Later on, I’ll go through it in excruciatingly exhaustive line by line detail, but for now it’s worth looking at the complete Foolscap Global Story Grid for The Silence of the Lambs. Here it is:
Just as a reminder, to put the Foolscap Global Story Grid in context, this one-pager gives the editor/writer the 30,000 foot view of the Story. It’s the MACRO STORY. It’s a wonderful way of making sure that the big picture is clear.
It is ONE of TWO indispensable documents necessary to create the final STORY GRID infographic, this fun thing below:
The second document that you will need to create is The Story Grid Spreadsheet. I will walk you through how to do that in a few weeks. The Story Grid Spreadsheet is a multi-pager that will give you the MICRO STORY.
But before we get into creating yet another grid that we will combine with the Foolscap Global Story Grid to create an infographic that we can stick on a wall and contemplate to our hearts content (Are you completely lost yet?), in the next series of posts, I’ll review the principles of UNIVERSAL STORY FORM (inciting incident, progressive complications, crisis, climax and resolution).
All of this stuff may seem complicated, but it’s really just a process in analyzing the MACRO movements of a Story, and then analyzing the MICRO movements of a Story, and then combining the MICRO and MACRO into a visual representation of how writers create art.
When we finish the editorial process, we’ll know exactly where (which scene, page, paragraph etc.) a writer satisfied the conventions and obligatory scenes of his/her chosen genre/s and a myriad of other bits of information that reveal the specific judgements and choices the writer made.
Knowing how Thomas Harris solved the “Macguffin” or “Hero at the Mercy of the Villain Scene” will inspire us in our own work. It just will.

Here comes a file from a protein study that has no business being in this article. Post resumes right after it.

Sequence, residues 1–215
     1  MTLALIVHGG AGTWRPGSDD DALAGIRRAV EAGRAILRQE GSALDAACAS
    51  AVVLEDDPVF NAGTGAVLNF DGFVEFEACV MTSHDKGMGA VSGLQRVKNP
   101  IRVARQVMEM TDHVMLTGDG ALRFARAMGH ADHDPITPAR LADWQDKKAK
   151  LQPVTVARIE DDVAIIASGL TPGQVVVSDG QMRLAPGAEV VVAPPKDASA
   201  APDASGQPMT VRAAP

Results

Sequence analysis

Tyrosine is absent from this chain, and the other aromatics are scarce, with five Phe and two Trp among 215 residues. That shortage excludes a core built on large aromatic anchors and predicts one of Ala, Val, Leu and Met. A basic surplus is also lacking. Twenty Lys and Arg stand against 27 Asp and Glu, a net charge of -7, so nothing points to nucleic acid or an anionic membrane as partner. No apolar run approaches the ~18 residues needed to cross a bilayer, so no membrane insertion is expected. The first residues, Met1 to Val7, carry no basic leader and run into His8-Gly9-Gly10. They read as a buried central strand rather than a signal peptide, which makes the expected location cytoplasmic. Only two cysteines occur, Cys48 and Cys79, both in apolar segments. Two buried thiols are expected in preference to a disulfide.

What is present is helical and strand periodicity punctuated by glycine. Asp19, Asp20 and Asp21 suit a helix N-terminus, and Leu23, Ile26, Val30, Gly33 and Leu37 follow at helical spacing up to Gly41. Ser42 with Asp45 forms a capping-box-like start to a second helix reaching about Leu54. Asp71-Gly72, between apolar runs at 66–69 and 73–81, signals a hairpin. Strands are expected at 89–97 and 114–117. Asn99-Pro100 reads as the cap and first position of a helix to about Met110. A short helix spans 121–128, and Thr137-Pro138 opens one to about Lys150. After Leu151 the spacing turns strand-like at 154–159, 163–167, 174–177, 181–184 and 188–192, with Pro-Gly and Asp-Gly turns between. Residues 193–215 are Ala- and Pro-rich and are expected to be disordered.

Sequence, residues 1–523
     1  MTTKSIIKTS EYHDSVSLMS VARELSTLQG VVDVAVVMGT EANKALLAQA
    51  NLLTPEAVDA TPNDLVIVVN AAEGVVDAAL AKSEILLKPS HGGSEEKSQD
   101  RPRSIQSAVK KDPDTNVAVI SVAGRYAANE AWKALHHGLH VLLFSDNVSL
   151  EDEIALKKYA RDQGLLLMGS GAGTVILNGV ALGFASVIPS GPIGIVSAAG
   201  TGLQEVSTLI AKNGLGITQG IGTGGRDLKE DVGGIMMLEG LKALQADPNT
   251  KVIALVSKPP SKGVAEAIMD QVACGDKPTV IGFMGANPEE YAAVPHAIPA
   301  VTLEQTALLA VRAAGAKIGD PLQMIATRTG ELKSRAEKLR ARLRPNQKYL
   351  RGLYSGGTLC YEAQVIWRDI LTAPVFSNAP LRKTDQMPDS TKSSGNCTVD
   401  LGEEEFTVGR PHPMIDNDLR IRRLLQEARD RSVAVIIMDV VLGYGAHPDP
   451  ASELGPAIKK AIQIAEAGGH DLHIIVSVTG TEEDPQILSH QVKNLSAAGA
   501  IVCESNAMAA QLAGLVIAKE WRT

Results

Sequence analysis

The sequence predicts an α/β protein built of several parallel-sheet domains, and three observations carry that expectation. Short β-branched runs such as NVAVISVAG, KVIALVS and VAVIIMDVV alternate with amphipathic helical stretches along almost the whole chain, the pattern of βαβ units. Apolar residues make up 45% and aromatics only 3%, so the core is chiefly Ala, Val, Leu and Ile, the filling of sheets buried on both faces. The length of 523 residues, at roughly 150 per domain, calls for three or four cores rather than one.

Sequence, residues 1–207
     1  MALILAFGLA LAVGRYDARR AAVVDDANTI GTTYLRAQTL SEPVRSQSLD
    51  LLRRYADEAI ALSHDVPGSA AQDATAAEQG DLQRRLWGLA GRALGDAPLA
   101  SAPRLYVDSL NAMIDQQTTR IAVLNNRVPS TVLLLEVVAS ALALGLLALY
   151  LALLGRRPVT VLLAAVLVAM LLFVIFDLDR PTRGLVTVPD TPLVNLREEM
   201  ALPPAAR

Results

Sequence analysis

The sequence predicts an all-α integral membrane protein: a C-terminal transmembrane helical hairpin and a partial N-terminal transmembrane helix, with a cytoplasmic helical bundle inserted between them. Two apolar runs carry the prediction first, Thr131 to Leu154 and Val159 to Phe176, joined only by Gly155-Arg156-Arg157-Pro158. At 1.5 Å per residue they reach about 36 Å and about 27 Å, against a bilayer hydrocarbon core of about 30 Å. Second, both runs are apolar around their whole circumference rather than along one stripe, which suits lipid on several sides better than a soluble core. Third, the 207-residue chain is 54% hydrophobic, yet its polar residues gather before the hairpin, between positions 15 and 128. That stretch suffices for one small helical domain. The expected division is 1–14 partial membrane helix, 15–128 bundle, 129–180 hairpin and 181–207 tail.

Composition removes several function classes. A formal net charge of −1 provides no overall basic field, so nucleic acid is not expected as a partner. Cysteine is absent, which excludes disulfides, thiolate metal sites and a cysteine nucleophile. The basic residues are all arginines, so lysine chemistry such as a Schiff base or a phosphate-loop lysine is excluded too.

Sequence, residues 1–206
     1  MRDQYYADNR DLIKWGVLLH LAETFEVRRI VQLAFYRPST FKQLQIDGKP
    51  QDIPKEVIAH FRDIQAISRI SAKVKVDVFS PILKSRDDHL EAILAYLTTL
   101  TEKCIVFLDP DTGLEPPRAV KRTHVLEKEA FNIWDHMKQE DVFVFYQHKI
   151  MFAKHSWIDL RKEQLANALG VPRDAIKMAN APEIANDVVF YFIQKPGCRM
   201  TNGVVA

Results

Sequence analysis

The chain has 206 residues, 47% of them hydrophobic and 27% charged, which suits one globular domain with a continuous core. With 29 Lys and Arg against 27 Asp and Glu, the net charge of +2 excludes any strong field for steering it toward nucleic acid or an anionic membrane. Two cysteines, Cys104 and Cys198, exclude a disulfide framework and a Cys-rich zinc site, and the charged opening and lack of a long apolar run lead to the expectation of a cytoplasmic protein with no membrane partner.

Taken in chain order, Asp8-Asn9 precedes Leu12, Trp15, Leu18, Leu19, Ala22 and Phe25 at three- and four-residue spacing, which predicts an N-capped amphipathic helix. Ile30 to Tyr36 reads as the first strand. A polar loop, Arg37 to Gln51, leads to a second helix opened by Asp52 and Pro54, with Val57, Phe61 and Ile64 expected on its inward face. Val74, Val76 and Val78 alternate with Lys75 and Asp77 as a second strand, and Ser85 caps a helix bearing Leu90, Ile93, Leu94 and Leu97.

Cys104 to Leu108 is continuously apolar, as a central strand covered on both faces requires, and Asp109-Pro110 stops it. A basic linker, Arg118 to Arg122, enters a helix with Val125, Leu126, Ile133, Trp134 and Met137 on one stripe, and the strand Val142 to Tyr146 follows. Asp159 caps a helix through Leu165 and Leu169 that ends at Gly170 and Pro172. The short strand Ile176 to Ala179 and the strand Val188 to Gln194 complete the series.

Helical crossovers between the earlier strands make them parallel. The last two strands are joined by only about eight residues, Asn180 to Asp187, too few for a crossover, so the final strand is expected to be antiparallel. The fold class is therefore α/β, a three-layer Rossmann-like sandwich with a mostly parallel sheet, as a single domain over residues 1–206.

Diving deeply into the great works of our beloved genre/s and coming up for air after we’ve created Story Grids to remind us of the craftsmanship of the writers who created them will prove immeasurably helpful when we set out to create our own works. And it will also give us a common language.
The more writers who take the time to learn how to Edit, the greater the ease we’ll have talking shop. There won’t be any more murky “suggestions” about “making your character more likable” or “adding more colors to your subtext.” No more Bullshit peer review of our work without our peers having a grounded understanding of the craft in the art.
Instead, one day, I hope that a frustrated writer of sea stories battling the coup de grace crisis in her ENDING PAYOFF will be able to send a single email to a group of her pals like this:
“What was the final external crisis in the ENDING PAYOFF of MOBY DICK?”
and get an answer like this:
“Best Bad Choice: Ahab must decide whether to let go of the harpoon rope attached to MD and save himself or hang on as the beast dives down into the depths and assures Ahab’s briny death.”
That’s how Melville solved the external crisis in his ending payoff. Placing yourself in his creative shoes regardless of the commercial results (MD was a commercial bomb in his lifetime, but a masterpiece today) is inspiring. Just knowing that Melville must have been tormented by the same story dilemmas we are is comforting.
Anyway, I know this stuff can get very “inside baseball.” When it does, take a deep breath and remember that there are two ways an editor looks at a Story, MACRO (big picture Foolscap) and MICRO (minutiae of Story Grid spreadsheet). Once he has a grasp of both, the editor’s complete vision/interpretation of a work is represented by his STORY GRID.
Next up is a review of Story Form…a great way of recharging our batteries before all of that MICRO stuff.
For new subscribers and OCD Story nerds like myself, all of The Story Grid posts are now in order on the right hand side column of the home page beneath the subscription shout-out.